International recognition marked a historic milestone for the Japanese people, validating their deep artistic and spiritual connection with Mt. Fuji. Initially revered for its religious significance, the mountain inspired artists like Hiroshige and Hokusai in their ukiyo-e series, leaving a lasting impact on impressionists Van Gogh and Monet. While always treasured by visitors, this new honor sparked a surge in Mt. Fuji’s popularity.

Post-2013, Mt. Fuji’s visitor count stayed above 200,000, fueling a flourishing business. Despite the 2020 pause and a slow tourism rebound, 2022 marked the mountain’s comeback with 160,145 visitors. Celebrating its 10th year as a World Heritage site, last year hit the second-highest peak in a decade, reaching 221,322 tourists by the end of the climbing season.

What do these numbers truly mean for Mt. Fuji? While one side of the coin reveals a positive flow of money into local businesses, the other side tells a different story.

With more explorers converging on the same path, the risk of severe overcrowding escalates. For some time, Yamanashi and Shizuoka prefectures have actively investigated the optimal climbing capacity for a safe experience.

A study culminated in a 2018 report submitted to UNESCO, pinpointing 4,000 climbers per day as the appropriate limit. This report laid the groundwork for the December 2023 draft, proposing restrictions on new climbers upon reaching the 4,000 ceiling at the fifth station.

Kazumasa Watanabe, representing Mannen-yuki Sanso lodge at the ninth station of the Fujinomiya route, recounted the overcrowded conditions during the 2023 season, with lodges operating at full capacity.

Beyond space constraints, officials are also looking to curb the dangerous practice of bullet climbing (弾丸登山). Many people – both domestic and inbound tourists – may opt for nocturnal ascents, aiming to conquer the summit in a single push, in order to see the sunrise. Additionally, with accommodations on the mountain stretched thin, many are opting for bullet climbing in lieu of taking an overnight rest.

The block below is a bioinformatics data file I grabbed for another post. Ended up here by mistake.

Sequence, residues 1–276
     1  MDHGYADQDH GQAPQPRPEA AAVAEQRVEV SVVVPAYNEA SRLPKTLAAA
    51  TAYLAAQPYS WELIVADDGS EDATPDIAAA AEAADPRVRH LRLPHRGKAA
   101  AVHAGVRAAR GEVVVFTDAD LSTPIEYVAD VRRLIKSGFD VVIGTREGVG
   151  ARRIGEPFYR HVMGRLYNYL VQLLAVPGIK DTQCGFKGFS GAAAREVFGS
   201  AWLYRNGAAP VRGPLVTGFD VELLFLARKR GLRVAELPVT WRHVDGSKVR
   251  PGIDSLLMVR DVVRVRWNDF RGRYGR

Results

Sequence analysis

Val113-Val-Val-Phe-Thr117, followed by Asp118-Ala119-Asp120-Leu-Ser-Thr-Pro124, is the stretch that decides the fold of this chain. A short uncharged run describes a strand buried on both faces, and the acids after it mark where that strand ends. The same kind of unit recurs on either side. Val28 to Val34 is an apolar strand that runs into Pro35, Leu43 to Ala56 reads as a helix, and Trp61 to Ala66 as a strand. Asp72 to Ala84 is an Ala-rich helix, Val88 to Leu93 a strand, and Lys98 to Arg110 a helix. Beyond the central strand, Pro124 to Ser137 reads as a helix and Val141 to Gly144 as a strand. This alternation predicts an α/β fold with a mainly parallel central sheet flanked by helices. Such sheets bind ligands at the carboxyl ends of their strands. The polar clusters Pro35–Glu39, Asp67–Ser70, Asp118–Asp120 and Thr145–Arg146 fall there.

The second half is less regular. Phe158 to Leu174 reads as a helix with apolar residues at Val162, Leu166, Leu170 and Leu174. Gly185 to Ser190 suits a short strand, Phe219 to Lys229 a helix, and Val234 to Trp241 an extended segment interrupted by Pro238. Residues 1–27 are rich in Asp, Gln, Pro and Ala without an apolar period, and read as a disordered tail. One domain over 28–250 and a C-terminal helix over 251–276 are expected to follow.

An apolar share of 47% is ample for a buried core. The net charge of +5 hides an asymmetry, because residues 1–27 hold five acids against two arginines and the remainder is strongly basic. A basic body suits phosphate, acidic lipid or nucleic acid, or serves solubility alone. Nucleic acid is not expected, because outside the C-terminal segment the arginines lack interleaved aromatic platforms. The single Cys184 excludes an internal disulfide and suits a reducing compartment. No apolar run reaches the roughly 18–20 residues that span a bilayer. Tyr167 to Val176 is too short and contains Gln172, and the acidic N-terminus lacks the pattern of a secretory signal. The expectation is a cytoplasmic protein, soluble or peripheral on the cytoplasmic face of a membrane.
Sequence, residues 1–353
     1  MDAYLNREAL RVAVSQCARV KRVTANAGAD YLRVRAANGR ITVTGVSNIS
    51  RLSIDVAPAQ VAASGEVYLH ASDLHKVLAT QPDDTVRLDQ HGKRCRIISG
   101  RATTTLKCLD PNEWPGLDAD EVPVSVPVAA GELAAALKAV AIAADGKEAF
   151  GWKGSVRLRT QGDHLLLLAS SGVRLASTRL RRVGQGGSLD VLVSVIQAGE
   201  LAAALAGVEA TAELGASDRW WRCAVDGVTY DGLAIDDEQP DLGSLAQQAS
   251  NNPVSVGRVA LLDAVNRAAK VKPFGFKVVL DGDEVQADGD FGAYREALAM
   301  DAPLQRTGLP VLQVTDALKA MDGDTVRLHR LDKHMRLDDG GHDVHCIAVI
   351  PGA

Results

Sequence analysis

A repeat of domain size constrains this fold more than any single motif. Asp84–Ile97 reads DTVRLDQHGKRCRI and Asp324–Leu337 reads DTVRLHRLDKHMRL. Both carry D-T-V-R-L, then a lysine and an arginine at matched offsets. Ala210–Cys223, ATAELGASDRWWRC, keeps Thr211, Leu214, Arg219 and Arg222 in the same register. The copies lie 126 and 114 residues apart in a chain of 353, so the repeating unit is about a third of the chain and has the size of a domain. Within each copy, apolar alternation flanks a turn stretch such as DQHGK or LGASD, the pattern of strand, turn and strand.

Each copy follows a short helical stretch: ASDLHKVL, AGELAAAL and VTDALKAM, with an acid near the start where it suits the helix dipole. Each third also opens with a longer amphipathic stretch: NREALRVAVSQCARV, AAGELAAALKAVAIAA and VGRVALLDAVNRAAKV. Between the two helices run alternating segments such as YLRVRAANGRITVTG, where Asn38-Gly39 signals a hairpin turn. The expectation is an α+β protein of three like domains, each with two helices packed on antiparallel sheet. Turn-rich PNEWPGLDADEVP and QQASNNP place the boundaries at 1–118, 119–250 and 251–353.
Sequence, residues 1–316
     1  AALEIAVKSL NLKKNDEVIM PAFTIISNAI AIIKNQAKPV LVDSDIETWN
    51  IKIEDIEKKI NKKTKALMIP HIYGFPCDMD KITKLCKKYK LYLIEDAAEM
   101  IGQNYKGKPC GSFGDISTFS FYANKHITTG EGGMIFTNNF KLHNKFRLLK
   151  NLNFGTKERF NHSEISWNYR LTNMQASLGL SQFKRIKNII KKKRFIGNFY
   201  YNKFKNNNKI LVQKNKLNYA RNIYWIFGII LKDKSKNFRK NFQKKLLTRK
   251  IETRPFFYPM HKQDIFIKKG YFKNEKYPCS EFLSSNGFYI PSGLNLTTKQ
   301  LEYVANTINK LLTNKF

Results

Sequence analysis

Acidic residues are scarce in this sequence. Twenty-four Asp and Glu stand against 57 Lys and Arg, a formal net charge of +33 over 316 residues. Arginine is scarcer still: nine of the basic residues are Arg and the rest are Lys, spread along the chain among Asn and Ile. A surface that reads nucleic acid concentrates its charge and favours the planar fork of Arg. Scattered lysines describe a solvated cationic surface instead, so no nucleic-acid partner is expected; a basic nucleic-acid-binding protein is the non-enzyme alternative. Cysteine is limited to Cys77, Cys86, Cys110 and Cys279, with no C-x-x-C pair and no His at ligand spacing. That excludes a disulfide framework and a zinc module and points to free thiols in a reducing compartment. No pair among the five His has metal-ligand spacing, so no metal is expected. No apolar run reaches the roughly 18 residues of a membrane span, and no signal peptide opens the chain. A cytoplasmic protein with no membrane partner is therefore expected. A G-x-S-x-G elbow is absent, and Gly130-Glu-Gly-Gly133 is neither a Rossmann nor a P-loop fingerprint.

The two-day, zero-night formula — widely popular last season — has been consistently discouraged and deemed unsafe. This flier from Shizuoka and Yamanashi Prefectures warns of heightened risks, including altitude sickness, summit traffic jams, and slips in reduced night visibility.

Another less advisable trend, known as light gear climbing (軽装登山), involves wearing inadequate clothing and footwear for mountaineering. Asahi TV interviewed daring climbers, some scaling slopes in sandals and others going bare-chested. When it comes to hiking, the right gear isn’t just a choice; it’s a lifesaver — preventing hypothermia and ensuring a secure climb on steep slopes.

“It’s time to stop behaving this way… Even if the weather changes suddenly, there is no guarantee that you’ll be allowed to spend the night in the lodge. Light clothing means you risk hypothermia. The summit is winter temperatures,” said the Fujinomiya-guchi Guide Association on X.

富士宮口ガイド組合 on Twitter: “そろそろこういうのやめませんか。。。天候が急変しても、山小屋に泊まったり入れてもらえるとは限りません。軽装は低体温症のリスクがあります。山頂は冬の気温です。#富士山#mtfuji #富士登山 #富士宮口 #富士山2023#静岡 #shizuoka pic.twitter.com/xyHBx0el6v / Twitter”

そろそろこういうのやめませんか。。。天候が急変しても、山小屋に泊まったり入れてもらえるとは限りません。軽装は低体温症のリスクがあります。山頂は冬の気温です。#富士山#mtfuji #富士登山 #富士宮口 #富士山2023#静岡 #shizuoka pic.twitter.com/xyHBx0el6v

Tips For Your Next Fuji Adventure

Now, don’t let this deter you from embracing the beauty of Mt. Fuji. Just plan ahead and secure a reservation at a mountain lodge – entry is restricted without one! Pack essentials like helmets to protect against falling rocks and warm layers to handle temperature changes from base to summit. Opt for less crowded days and times, and consider joining guided tours for added convenience.

If you’re still unsure, explore our list of stunning spots where you can admire the view of Mt. Fuji without climbing it. Minimal effort, maximum reward!

Sources

[1] 環境省 2022 年夏期の富士山登山者数について(詳細版)(4年9月30日) 

[2] 世界遺産富士山とことんガイド 富士山保全協力金の受入について

[3] 世界遺産富士山とことんガイド「これまでの富士山保全協力金の実施状況」令和4年度の受入状況

[4] 今年はガラガラ「富士山」入山料が義務化される訳 任意の「協力金」は3人に1人が支払い拒否の現実(2021年10月30日)Toyo Keizai

[5] 富士山入山料義務化6割反対 登山者負担増を懸念【富士山世界遺産10年 山小屋アンケートから】(2023年6月30日)Shizuoka Shinbun

[6] 世界遺産富士山とことんガイド 富士山が世界遺産に選ばれたわけ

[7] 富士山が「自然遺産」ではなく「文化遺産」の理由とは?(2021年2月3日)Weather News

[8] 富士山 環境・観光の両立 登山の課題は? 世界遺産10年(2023年06月22日)NHK

[9] 富士山が大混雑 初の規制を検討 登山者4万人超 「軽装登山」「弾丸登山」に危険も(2023年8月4日)Asahi TV

[10] 環境省 関東地方環境事務所 2023年夏期の富士山登山者数について (2023年09月19日)

[11] 今夏の富士登山、混雑予想 「ほぼ満室」の山小屋、弾丸登山に懸念(2023年6月12日)Sankei Shinbun